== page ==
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View Full Version : Collet Chuck on SB9A??



Arbo
12-15-2005, 11:05 AM
I have a job coming up that will require two quick operations on alot of parts. Most likely in the hundreds. Right now, I am using only a four jaw chuck, and I don't really want to use a three jaw for this job, even if I had one. So, here is my idea...

Mate this...
http://www.littlemachineshop.com/products/product_view.php?ProductID=1792

To this...
http://www.littlemachineshop.com/products/product_view.php?ProductID=2532

Seems to me that it should work. Does anyone have experience here? I am going to call LMS later, to see if there is any reason that it absolutely will not work. I am leaning towards the ER collets instead of 5C. I have heard that the ER have a greater range of travel in each respective size, over the 5C.

By the way, I don't have time to build my own collet chuck right now.

Thanks!

topct
12-15-2005, 01:37 PM
Look down the list here,

http://www.bealltool.com/colletchk.htm

Either one would probably work. I like LMS products. But the one from Beall looks good too.

Uh Oh, I just realized, the Beall screws directly on to the spindle. Quick and easy. BUT whose to say how true it would run. I'm thinking it would be good on a wood lathe, but since you can't index it to your spindle, I question it's accuracy.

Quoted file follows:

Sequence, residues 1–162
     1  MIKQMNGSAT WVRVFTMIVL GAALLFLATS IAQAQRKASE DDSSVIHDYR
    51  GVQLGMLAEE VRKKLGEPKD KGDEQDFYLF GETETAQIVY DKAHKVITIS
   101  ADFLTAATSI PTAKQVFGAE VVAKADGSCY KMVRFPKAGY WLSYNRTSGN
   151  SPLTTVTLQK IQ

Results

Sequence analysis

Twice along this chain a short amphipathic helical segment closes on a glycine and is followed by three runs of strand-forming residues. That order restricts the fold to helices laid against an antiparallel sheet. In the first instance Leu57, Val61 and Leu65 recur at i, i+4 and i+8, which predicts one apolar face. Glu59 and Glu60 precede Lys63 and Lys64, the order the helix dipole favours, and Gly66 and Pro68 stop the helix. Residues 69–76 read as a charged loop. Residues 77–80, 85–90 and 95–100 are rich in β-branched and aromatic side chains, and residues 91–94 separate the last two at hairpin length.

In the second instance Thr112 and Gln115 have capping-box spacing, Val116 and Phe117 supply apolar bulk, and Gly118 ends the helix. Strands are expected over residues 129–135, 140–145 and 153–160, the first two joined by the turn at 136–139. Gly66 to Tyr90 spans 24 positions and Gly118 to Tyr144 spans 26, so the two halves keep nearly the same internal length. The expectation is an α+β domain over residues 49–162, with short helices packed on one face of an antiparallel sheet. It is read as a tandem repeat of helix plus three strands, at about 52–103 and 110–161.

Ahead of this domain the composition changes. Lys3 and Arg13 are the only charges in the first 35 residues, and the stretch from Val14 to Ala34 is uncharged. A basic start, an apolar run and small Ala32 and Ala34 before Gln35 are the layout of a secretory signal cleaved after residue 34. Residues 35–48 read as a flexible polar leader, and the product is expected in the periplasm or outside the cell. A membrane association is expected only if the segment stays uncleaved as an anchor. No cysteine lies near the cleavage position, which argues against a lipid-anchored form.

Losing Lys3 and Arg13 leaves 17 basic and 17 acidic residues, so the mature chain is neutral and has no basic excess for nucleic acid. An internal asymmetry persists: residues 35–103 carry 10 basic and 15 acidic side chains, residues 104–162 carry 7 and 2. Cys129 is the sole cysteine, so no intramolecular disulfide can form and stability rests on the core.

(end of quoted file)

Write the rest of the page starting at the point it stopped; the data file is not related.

The LMS can be trued since you will have to turn that mounting plate on your lathe.

------------------
Gene

[This message has been edited by topct (edited 12-15-2005).]

johnc
12-15-2005, 05:43 PM
I've been considering the same type set-up on my 9A. Here is another option:
http://www.shop.tallgrasstools.com/displayProductDocument.hg?productId=15
I did find a write-up earlier on the Beall chuck installed on a Taig lathe. The author seemed happy and reported a runout of 0.0005. I would be interested to know what you end up with and how satisfied you are with the end product.
Found the review:
http://www.cartertools.com/beall.html

[This message has been edited by johnc (edited 12-15-2005).]

JeffG
12-15-2005, 07:57 PM
There is quite a lot of variation in the register diameter and threads on SB9 lathes - so if you need the kind of accuracy that one normally expects from a collet setup, you probably have to bore the register diameter of the chuck to fit your lathe. I'd recommend you contact the manufacturer of any chuck you plan to buy and verify that the register bore is enough undersize that you can machine it to fit.

Al Messer
12-15-2005, 08:24 PM
Arbo, what is the beginning diameter of the workpiece and what is the finished diamter?

Arbo
12-15-2005, 09:36 PM
Al,

The OD is .500", and stays that way. The three ops involve in making the part are simply...center drill, drill, ream. Finished, and next part.

Al Messer
12-16-2005, 08:48 AM
I can tell you how to make a simple jig to use in the 4 jaw that won't take 30 minutes to make and for all practical purposes will be as accurate as a collet, and save you a bundle of money if you wish.

Arbo
12-16-2005, 08:57 AM
Al,

Let's hear it. If it works, and saves money, I'm all for it!

JCD
12-16-2005, 09:16 AM
You will probably loose some rigidity with this as compared to using a 5C, if you have a large spindle.
Life is a compromise.

Rustybolt
12-16-2005, 11:19 AM
I have one that accepts B&S 22 collets and can be opened and closed while running. Collets can be changed without dismounting it.

I think it was imported by Grand Tool in New Jersey.